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Adidas expects supply chain problems to rein in H1 sales growth

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Adidas said currency-neutral sales growth would slow to between 5 and 8 per cent in 2019, from 8 per cent in 2018, with supply issues accounting for a one to 2 per cent fall.

Herzogenaurach, Germany

ADIDAS expects supply chain issues to hit sales growth in the first half of the year, particularly in North America, but hopes to see off a challenge from Nike in Europe and return to growth in the region.

Shares in the German sportswear brand, up 22 per cent in the last year, were down 2.5 per cent in early Wednesday trade.

Nike has been regaining ground, helped by a steady stream of new product launches and a strong showing by Nike-sponsored teams at the soccer World Cup, after several years when Adidas ate into its home market of North America.

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Adidas said currency-neutral sales growth would slow to between 5 and 8 per cent in 2019, from 8 per cent in 2018, with supply issues accounting for a one to 2 per cent fall as it struggles to meet strong demand for mid-priced apparel.

In contrast, Nike has forecast sales growth for 2019 approaching low double digits and German rival Puma a currency-adjusted 10 per cent.

"It is a demand problem," chief executive Kasper Rorsted told CNBC, noting that Adidas had doubled the size of its business in North America in the last three years.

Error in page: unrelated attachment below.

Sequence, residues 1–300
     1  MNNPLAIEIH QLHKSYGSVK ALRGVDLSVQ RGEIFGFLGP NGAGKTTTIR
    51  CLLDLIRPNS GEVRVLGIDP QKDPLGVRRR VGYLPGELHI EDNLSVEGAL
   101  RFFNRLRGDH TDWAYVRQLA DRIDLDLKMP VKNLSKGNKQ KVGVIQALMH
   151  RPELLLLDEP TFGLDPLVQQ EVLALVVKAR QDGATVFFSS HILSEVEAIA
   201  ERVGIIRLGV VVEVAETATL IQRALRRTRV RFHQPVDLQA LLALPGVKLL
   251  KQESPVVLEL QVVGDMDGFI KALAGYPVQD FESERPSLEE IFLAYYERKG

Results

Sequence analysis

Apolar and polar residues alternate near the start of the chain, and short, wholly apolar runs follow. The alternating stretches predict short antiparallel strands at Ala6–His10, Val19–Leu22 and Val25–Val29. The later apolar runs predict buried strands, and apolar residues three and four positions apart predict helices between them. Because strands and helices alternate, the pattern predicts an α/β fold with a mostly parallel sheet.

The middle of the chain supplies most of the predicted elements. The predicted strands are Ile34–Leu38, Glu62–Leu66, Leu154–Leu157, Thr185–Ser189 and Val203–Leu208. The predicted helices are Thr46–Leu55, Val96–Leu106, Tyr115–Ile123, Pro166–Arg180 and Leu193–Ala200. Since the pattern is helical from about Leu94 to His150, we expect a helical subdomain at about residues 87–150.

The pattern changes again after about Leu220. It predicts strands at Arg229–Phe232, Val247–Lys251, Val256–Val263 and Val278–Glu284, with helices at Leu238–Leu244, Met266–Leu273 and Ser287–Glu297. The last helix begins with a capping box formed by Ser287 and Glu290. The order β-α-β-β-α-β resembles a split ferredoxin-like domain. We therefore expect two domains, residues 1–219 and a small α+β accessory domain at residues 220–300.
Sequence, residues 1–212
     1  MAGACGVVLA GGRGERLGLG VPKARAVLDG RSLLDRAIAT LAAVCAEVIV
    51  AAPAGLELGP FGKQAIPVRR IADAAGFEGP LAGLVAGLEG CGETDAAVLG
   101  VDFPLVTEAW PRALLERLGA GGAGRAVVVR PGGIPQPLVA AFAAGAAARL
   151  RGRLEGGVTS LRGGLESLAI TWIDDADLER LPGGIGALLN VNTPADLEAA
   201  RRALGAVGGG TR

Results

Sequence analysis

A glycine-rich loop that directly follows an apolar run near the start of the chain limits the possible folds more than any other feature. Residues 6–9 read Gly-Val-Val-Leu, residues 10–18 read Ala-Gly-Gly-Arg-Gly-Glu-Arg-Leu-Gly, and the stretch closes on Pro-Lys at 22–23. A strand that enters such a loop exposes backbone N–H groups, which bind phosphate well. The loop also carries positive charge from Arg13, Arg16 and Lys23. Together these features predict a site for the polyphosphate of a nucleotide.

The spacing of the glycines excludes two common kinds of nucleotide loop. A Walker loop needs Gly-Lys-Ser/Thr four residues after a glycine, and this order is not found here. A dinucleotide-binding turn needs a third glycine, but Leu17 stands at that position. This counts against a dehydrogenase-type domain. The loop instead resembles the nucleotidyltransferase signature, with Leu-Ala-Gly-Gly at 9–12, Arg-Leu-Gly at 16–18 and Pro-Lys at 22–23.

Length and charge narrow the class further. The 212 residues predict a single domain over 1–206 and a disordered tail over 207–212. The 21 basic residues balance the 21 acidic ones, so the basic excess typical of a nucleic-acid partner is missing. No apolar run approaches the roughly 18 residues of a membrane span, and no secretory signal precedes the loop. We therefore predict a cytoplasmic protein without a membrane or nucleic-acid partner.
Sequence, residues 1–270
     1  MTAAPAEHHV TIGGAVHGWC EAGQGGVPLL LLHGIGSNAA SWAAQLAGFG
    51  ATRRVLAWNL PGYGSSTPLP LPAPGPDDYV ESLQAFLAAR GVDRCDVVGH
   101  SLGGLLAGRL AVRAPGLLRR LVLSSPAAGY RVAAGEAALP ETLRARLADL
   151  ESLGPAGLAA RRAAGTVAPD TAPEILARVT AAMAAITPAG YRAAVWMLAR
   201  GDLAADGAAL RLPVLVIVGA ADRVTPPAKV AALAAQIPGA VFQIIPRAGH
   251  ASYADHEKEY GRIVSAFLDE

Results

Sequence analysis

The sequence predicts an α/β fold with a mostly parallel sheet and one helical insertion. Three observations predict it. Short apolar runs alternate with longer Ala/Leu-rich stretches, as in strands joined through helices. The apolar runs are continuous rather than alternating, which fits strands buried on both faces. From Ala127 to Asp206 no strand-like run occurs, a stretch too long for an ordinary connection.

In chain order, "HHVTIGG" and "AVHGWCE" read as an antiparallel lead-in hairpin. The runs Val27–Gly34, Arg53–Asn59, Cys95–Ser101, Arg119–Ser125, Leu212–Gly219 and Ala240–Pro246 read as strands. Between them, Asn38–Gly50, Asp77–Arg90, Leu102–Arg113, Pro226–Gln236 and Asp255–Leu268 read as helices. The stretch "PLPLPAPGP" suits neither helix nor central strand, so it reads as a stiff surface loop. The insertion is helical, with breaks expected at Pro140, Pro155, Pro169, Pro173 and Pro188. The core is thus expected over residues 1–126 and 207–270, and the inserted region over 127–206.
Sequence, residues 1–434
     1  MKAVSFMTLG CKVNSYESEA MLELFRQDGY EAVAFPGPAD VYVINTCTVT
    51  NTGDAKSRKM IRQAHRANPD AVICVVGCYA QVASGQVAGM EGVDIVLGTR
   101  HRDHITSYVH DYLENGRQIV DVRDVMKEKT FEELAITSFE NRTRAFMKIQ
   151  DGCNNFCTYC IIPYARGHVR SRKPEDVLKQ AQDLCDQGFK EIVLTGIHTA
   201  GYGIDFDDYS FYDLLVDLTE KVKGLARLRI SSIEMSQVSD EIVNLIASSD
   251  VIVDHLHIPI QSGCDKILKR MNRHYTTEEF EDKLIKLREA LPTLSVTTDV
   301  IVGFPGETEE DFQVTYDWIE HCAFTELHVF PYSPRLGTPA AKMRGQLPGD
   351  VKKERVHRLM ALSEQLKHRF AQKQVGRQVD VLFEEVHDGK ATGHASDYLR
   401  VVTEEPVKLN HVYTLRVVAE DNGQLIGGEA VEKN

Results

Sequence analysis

Mr Rorsted added that the shortages had nothing to do with US trade tensions with China.

Adidas said it should reach an operating profit margin of between 11.3 and 11.5 per cent in 2019, up from 10.8 per cent in 2018, with the return of the Reebok brand to profit helping it hit a target originally set for 2020 a year early.

Fourth-quarter sales rose by a currency-adjusted 5 per cent to 5.234 billion euros (S$8.02 billion), versus average analyst forecasts for 5.2 billion, while attributable net profit came in at 108 million, versus consensus for 88 million.

Adidas said it expected to revive growth in Europe in the course of 2019, forecasting a slight increase in currency-neutral revenues for the region after a 6 per cent decline in the fourth quarter.

Mr Rorsted has said that Adidas in Europe relied too much on a short-term trend for fashion shoes, like its retro Stan Smith and Superstar, and not enough on sports performance gear.

Adidas saw strong growth in "sport inspired" styles and in training and running in the quarter, but a steep decline in soccer, where it benefited a year earlier from sales of team jerseys in the run-up to the World Cup. REUTERS